Swedish Maritime Administration Ice Season

As the ice season comes to an end, the Swedish Maritime Administration can state that the past ice winter, which is nevertheless classified as normal, has meant hard work for the icebreakers, who moved over almost the entire Gulf of Bothnia.

All five state icebreakers have been working at full capacity since the first assistance in December, and the Swedish Maritime Administration has periodically had to reinforce with several hired resources. In March, it also became clear that the Swedish Maritime Administration is purchasing a used icebreaker to increase capacity for the coming season.

The tough winter has also put great strain on the Maritime Administration’s finances, with the operating budget being exceeded and greater repair costs for the well-maintained but aging icebreakers.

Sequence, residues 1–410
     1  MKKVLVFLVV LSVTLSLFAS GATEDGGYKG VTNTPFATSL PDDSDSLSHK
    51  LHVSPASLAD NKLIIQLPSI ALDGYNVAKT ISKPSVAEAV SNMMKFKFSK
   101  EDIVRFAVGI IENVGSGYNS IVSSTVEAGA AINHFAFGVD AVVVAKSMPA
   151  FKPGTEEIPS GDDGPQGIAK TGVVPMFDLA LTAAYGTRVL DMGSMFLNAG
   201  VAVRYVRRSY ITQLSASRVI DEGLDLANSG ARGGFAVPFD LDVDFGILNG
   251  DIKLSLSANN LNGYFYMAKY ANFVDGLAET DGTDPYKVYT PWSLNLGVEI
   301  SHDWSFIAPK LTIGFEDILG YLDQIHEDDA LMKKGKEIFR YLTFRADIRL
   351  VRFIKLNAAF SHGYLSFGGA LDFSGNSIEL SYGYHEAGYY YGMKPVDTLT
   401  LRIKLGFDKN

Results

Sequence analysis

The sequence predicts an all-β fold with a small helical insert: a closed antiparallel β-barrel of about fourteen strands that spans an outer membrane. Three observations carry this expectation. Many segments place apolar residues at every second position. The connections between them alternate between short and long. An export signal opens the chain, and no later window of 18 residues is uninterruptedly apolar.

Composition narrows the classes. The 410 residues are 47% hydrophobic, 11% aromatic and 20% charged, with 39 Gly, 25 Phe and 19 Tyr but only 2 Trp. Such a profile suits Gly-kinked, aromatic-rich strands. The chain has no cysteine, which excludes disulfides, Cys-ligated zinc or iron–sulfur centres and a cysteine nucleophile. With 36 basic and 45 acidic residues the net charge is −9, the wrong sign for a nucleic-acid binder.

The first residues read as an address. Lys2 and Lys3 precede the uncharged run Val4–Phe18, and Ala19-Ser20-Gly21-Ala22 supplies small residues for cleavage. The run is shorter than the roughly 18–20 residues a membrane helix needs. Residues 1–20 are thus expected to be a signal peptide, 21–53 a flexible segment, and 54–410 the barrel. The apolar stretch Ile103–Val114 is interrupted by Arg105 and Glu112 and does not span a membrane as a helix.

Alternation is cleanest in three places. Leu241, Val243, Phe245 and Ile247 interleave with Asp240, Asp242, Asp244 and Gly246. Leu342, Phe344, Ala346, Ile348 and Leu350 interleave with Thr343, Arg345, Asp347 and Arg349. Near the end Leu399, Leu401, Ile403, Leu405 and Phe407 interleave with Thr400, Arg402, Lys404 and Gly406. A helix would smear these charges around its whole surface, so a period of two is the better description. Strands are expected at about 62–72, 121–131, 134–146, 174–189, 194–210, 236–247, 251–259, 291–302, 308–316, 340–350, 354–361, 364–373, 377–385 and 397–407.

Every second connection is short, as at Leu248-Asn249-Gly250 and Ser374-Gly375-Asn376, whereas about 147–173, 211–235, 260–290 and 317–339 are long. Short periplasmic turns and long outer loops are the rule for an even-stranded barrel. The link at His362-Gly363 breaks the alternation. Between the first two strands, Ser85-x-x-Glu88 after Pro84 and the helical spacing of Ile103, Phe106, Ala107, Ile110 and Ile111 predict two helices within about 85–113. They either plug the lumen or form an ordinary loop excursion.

The number of assists so far has amounted to 1452, compared to 614 in the 2022/23 season. The icebreaker Ymer is still working, although the situation is now calm and the season is beginning to suffer towards its end.

“This season has meant more than twice as much work for our icebreakers,” says Niclas Härenstam, communications director at the Swedish Maritime Administration.

When the ice is thick in the Gulf of Bothnia, ships cannot count on being able to navigate the fairway. Instead, it is all water with sufficient depth that is used for sea transport, which means that in principle the entire Gulf of Bothnia has been used.

The AIS tracks after the icebreaker assists clearly show the movements of the icebreakers over large parts of the Gulf of Bothnia.

“There are no predetermined routes for the icebreakers to take. They have had to move throughout the Gulf of Bothnia to ensure the supply of goods to northern Sweden,” says Niclas Härenstam.

Nine out of ten goods that arrive in Sweden go via the lake at some point, and without ice breaking the ports in northern Sweden would have risked being closed up to 130 days a year. Close to ten million tons of goods, which corresponds to approximately one million trucks, are shipped every winter to and from the ports in the Gulf of Bothnia.

Source: Swedish Maritime Administration (Sjöfartsverket)